The camera user interface is easy to digest thanks to its plain arrangement. A small strip of options lets you switch to the front camera, turn on the flash, or turn on Rich Capture Mode. You can customize what happens with a long-press of the shutter button to either fire off a burst of photos or capture video. I'm not sure why this option exists considering there's a separate video camera button.
The strip also has a little arrow. Press it, and you gain access to full manual controls. You can manage white balance, exposure, ISO, brightness, and focus all on your own. For knowledgeable users, these tools can lead to much more creative results.
As with all Windows Phone cameras, the 640 XL includes several Lenses, which are software add-ons for the camera. One of those pre-installed is Lumia Selfie. If you want to snag the best-possible self portrait, this mode gives you the tools to get it done right. It includes a timer and some quick editing tools, such as cropping and mirroring, so you can make adjustments before sharing to social networks.
Microsoft tossed in the Creative Studio app for editing, the Moments app for creating short photo/video collages, and the Storyteller app for assembling larger albums.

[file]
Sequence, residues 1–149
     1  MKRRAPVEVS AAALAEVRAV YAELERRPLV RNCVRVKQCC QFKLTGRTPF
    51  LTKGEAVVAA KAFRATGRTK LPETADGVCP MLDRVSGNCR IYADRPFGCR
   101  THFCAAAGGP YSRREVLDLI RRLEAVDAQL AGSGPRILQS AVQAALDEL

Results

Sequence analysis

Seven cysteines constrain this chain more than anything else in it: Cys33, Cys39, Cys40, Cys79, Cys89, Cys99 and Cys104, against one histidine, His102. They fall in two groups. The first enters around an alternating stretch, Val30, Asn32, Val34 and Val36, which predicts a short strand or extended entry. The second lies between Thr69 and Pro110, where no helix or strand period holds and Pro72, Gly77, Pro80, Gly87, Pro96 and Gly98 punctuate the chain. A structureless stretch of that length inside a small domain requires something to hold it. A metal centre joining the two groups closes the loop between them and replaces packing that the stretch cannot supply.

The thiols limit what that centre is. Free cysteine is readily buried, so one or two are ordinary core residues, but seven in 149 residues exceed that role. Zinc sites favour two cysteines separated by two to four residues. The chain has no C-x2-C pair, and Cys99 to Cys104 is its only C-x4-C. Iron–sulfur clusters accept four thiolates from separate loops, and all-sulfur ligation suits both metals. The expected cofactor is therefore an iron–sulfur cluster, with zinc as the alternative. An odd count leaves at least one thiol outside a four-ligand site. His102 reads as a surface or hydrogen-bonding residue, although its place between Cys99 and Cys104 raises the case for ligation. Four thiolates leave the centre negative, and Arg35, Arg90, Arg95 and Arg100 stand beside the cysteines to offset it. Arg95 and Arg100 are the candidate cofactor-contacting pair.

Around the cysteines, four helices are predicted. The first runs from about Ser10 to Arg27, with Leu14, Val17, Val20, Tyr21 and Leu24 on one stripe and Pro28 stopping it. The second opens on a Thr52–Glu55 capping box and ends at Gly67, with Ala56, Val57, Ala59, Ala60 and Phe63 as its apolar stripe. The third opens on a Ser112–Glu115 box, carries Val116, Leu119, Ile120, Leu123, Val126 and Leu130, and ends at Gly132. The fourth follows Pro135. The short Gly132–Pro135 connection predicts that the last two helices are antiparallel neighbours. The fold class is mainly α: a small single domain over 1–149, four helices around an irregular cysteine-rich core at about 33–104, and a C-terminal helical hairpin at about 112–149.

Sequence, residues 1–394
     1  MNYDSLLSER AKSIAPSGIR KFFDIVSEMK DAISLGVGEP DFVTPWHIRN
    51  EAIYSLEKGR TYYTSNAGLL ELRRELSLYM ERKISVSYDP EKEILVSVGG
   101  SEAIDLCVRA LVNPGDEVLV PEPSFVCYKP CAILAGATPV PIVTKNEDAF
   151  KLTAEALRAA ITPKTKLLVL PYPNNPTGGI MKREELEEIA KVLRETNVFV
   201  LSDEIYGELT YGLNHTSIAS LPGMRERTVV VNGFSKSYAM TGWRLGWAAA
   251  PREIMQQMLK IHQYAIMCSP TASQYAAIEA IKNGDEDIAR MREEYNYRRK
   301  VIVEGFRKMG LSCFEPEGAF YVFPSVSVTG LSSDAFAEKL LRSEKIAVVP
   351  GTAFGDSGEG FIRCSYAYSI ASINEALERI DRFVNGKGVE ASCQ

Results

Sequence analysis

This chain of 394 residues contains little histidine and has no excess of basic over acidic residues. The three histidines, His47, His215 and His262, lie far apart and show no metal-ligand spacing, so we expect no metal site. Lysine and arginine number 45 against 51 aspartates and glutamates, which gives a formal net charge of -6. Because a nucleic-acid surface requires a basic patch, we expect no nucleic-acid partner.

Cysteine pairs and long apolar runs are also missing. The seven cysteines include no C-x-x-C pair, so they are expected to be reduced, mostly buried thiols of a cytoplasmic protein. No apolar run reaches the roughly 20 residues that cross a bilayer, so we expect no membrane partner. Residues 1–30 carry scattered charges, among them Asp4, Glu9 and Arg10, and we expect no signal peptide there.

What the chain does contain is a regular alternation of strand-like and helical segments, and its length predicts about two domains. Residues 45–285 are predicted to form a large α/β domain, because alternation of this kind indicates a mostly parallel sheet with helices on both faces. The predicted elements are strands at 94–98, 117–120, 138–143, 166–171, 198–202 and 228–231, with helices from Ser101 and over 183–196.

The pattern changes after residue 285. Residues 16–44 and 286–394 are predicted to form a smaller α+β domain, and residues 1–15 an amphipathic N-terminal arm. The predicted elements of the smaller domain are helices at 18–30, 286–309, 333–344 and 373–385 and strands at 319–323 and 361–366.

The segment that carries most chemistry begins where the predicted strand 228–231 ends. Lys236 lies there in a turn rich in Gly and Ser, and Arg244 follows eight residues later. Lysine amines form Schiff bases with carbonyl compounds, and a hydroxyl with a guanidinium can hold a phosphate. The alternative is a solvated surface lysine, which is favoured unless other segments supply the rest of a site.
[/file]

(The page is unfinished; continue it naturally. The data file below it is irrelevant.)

The Lumia 640 XL has a 13-megapixel sensor. You'll need to adjust the camera to shoot in the 4:3 aspect ratio to get the full pixel count. (The default 16:9 setting crops your photos down to 10 megapixels.)
This phone had a really good camera. The images offer excellent focus, exposure, and white balance. I was pleased with the bulk of the pictures I took. The 640 XL easily outshoots other phones with similar price points.
The 5-megapixel selfie camera performs quite well. I saw a small amount of grain from time to time, but the images were good with respect to focus and exposure.
The 1080p HD video I captured with the 640 XL was average for a device in this class. Focus, exposure, and white balance were mostly accurate and the results were usable.
The 640 XL can certainly handle daily photo and video needs, and can replace a standalone camera for many situations.
AT&T dropped a handful of useless junk into the 640 XL's app library, including Address Book, Family Map, Locker, Mark the Spot, Navigator, Keeper, Mobile TV, myAT&T, and the Yellow Pages. The 640 XL has only 8 GB of internal storage, merely 3.7 GB of which is available to owners. That's a pittance. You need a memory card with this phone, even though Windows Phone lets you delete unwanted apps.
Free access to Microsoft apps and services are one of the chief benefits of owning a Windows Phone. The 640 XL includes Microsoft Office (Word, Excel, PowerPoint), OneNote, OneDrive, and Cortana (virtual assistant). The first few are great productivity tools, while Cortana can be genuinely helpful when it comes to managing your daily activities.
There are a few other handy apps, such as Data Sense, Storage Sense, and WiFi Sense, which help manage your cellular data usage, on-board storage, and WiFi access, respectively.
Hands-On: Microsoft Lumia 640 and 640 XL
Microsoft debuted another pair of mid-range handsets in the long buildup to Windows 10. The Lumia 640 and 640 XL are worthy update to the 635 and 1320, but they leaving us aching for a new flagship from Microsoft.